Researchers have found a new tactic from threat actors to ensure continued access to compromised systems. While analyzing the TiltedTemple APT campaign, researchers found a new backdoor, “SockDetour,” serving as a backup backdoor.
TiltedTemple Campaign And SockDetour Backdoor
As elaborated in a detailed post, Palo Alto Networks Unit42 researchers observed the SockDetour backdoor in TiltedTemple APT campaigns spotted recently.
The malicious campaign first caught the researchers’ attention when it exploited the Zoho ManageEngine ADSelfService Plus vulnerability CVE-2021-40539 and ServiceDesk Plus vulnerability CVE-2021-44077. (The same Zoho ManageEngine vulnerability also led to the devastating Red Cross cyber attack recently.)
However, what made the campaign unique was using the SockDetour backdoor. It’s a new tool that serves as a backup backdoor if the primary backdoor gets removed from the target system. SockDetour is a powerful tool as it runs socketlessly and filelessly on Windows servers. Hence, it stays under the radar despite functioning actively.
Explaining more about it, the researchers stated,
It works on Windows operating systems that are running services with listening TCP ports. It hijacks network connections made to the pre-existing network socket and establishes an encrypted C2 channel with the remote threat actor via the socket. Thus, SockDetour requires neither opening a listening port from which to receive a connection nor calling out to an external network to establish a remote C2 channel.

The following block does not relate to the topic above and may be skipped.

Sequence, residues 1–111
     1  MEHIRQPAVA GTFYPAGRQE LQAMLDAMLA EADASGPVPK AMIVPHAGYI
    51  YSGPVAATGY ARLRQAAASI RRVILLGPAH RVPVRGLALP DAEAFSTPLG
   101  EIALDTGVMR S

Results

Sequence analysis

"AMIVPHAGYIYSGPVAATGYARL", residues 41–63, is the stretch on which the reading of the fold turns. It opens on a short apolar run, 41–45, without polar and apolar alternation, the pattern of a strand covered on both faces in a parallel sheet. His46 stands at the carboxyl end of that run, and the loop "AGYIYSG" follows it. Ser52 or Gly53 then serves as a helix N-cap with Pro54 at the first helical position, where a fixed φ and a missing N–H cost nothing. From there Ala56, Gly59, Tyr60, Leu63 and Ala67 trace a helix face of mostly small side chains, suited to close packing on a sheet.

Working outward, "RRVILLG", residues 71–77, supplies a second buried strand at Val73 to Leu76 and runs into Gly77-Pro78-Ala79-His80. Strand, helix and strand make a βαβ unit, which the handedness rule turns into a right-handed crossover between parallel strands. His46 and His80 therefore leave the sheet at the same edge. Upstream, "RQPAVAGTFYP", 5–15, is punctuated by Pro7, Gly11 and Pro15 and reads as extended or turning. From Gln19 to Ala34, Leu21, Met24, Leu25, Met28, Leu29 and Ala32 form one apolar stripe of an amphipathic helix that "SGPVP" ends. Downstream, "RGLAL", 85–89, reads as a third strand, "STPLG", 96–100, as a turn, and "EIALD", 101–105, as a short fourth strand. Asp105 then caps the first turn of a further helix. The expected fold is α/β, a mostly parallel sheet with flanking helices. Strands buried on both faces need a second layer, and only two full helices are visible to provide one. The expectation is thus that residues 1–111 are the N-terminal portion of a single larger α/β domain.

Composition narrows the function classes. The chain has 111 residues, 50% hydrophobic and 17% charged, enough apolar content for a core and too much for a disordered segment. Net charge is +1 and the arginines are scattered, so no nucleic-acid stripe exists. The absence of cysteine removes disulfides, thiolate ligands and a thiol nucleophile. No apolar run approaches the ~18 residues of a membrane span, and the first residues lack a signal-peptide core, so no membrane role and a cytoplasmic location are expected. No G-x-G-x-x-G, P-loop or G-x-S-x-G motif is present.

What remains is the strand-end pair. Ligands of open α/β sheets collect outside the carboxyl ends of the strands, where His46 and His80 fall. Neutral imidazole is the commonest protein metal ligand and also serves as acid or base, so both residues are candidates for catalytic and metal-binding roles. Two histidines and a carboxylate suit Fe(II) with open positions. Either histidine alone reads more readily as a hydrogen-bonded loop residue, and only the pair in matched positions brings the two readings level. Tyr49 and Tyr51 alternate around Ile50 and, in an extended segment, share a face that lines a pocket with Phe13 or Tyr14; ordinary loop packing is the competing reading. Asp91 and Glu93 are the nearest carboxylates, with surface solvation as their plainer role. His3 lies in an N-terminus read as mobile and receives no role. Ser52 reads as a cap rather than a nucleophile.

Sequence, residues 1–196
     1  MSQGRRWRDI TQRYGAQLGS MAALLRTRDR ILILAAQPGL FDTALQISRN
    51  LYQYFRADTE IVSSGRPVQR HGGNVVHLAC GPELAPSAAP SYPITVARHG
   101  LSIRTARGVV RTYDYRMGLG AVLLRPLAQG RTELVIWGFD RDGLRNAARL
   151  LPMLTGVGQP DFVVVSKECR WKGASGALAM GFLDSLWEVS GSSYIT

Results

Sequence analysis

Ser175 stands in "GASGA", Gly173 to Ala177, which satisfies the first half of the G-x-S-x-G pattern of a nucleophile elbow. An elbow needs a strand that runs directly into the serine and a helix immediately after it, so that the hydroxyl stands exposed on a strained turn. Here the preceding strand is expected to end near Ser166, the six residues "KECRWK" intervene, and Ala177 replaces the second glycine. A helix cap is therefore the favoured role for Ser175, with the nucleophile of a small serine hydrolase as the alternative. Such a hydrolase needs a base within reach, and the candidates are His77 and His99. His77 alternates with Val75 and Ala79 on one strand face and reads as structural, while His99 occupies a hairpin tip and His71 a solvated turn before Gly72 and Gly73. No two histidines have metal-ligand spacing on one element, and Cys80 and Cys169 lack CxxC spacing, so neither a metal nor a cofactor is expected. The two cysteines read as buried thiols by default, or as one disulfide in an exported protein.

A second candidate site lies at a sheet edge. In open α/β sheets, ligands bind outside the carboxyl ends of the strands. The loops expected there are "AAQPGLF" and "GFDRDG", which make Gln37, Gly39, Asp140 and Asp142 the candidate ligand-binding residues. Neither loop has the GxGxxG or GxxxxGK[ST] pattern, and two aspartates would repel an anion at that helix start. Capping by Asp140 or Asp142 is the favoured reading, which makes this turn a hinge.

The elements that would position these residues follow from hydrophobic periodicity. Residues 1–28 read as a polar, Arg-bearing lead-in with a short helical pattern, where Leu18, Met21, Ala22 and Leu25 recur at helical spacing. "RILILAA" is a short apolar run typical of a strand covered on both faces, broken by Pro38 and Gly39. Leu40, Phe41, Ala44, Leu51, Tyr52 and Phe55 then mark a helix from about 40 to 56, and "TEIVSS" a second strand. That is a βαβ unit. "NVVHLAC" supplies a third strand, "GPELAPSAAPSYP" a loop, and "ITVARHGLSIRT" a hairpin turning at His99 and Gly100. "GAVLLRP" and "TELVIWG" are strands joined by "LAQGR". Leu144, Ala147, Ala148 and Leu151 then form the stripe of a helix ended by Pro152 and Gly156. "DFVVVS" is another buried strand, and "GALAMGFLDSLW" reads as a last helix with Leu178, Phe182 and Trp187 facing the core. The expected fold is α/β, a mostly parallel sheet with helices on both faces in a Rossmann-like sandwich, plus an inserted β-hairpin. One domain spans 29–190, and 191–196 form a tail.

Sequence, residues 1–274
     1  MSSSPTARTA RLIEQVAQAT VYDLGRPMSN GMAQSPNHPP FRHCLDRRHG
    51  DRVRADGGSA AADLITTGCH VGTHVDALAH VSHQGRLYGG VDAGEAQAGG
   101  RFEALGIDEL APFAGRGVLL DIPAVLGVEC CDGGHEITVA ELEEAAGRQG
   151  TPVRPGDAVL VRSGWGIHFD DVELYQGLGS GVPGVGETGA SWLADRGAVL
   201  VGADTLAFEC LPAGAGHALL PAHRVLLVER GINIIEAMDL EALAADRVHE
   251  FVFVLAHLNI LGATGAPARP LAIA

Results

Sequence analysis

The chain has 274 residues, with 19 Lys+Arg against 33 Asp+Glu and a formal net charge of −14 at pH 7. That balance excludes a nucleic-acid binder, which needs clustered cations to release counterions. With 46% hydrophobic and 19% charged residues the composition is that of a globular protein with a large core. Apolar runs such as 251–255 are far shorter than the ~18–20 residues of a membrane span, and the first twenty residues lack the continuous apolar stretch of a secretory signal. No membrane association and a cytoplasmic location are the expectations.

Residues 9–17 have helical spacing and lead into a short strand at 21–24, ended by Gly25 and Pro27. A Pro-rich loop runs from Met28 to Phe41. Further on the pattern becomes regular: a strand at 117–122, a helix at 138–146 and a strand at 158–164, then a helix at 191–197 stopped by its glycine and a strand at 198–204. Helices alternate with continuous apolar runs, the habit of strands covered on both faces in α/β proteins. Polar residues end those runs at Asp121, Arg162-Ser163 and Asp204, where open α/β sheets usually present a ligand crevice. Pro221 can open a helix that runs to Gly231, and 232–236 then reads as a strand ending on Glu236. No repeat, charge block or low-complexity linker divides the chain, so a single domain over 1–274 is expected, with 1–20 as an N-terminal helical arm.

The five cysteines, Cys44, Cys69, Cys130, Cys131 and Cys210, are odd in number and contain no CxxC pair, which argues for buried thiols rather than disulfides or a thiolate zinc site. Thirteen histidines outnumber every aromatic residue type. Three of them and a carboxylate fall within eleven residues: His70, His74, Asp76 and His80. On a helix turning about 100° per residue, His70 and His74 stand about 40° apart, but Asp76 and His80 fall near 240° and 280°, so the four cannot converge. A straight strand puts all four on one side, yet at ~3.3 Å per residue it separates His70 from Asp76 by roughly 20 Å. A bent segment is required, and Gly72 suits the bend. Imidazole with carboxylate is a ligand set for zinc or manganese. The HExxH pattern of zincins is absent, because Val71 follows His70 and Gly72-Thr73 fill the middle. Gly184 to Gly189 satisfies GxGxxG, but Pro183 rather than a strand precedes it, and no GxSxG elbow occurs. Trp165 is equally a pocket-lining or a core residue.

SockDetour typically performs one main activity when injected as a backdoor – loading a (yet unknown) plugin DLL.
Researchers have presented a detailed technical analysis of the backdoor in their post.
SockDetour Active Since 2019
This malicious campaign employed various measures to compromise target systems. The threat actors behind this campaign had a diversified hit-list spanning multiple sectors. These include energy, health, defense, finance, education, and technology. The threat actors have already compromised numerous businesses.
However, the campaign deploying SockDetour appeared more focused on the defense sector. As stated in the post,
Based on Unit 42’s telemetry data and the analysis of the collected samples, we believe the threat actor behind SockDetour has been focused on targeting U.S.-based defense contractors using the tools. Unit 42 has evidence of at least four defense contractors being targeted by this campaign, with a compromise of at least one contractor.
SockDetour attacks seemingly gained momentum in 2021, but it presumably exists since 2019. It remains unclear if the attacks link back to the same threat actor group or different groups.